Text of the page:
Johannesburg - Tensions between Cosatu and the SA Communist Party were palpable during a bilateral meeting aimed at addressing their differences and challenges dogging the broader ruling alliance movement.
SACP second deputy general secretary Solly Mapaila wasted no time reminding the labour federation in no uncertain terms that the communists had made them. He called for a ceasefire between the warring youth leagues of the ANC and SACP, saying they should not be “factional instruments” of their mother bodies.
The communists also did not take kindly to a Cosatu statement on Monday that it suspected those calling for the SACP to contest state power in 2019 “merely refer to being elected to legislatures or at best into political office”.
The call was reiterated by the Young Communist League of SA (YCLSA) on Sunday but Cosatu had said the call was made each time relations were bad or dysfunctional between the alliance movement partners.
On Wednesday, Mapaila hit back, saying: “This notion that we participate in state power because of positions, from whatever angle it emanates, it’s wrong… It will be unfortunate to think that the communist party should not think about the role of that state power, particularly in favour of the working class.”
He then lectured the unionists that there would have been no Cosatu if it were not for the communists. “There’s no organisation in this country that has built the trade union movement, wholeheartedly, than the communist party. No one. No single organisation. Not even the ANC comes close.”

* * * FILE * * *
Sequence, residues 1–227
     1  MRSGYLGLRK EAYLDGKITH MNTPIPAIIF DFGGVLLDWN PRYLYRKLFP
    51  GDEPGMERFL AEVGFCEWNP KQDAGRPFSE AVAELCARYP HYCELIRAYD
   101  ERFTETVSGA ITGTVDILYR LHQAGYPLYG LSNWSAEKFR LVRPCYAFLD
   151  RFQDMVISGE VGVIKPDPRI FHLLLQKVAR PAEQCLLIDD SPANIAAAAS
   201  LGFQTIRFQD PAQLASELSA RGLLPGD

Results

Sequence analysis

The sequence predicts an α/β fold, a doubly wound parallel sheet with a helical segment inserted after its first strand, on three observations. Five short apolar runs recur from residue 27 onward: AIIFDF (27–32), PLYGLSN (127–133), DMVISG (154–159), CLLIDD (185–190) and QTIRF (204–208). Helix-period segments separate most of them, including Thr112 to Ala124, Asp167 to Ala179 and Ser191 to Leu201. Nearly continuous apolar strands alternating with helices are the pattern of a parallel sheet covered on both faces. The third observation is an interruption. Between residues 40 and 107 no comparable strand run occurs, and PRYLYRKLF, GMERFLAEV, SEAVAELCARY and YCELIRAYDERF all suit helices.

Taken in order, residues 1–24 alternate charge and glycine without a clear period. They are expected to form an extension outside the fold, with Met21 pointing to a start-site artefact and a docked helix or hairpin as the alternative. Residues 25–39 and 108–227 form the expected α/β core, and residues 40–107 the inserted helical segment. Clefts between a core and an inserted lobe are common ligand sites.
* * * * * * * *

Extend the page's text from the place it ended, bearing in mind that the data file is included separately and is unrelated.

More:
Despite the tension, Cosatu president S’dumo Dlamini insisted: “There is no fight between the (communist) party and Cosatu, as we speak right now.”
Mapaila said while they had fought “gallant battles” with Cosatu, their relationship was nothing more than that of “friendship, struggle, and working class power”.
He said the youth league structures of the ANC and SACP should stop hostilities and work together in organisng and leading young people.
“They have no business to be fighting one another, they have no business to be factional instruments of their mother organisations. At the same time, ourselves have no mandate, as leadership of these organisations, to use them as factional speakers. They have all the business to fight for principles of our movement and to safeguard the principles and the values of our movement.”
He called on the youth structures to fight against corruption and anyone who “violates our constitution”. President Jacob Zuma was found by the Constitutional Court to have violated the Constitution when he failed to comply with Public Protector’s remedial actions over the controversial security upgrades at his sprawling Nkandla home in KwaZulu-Natal.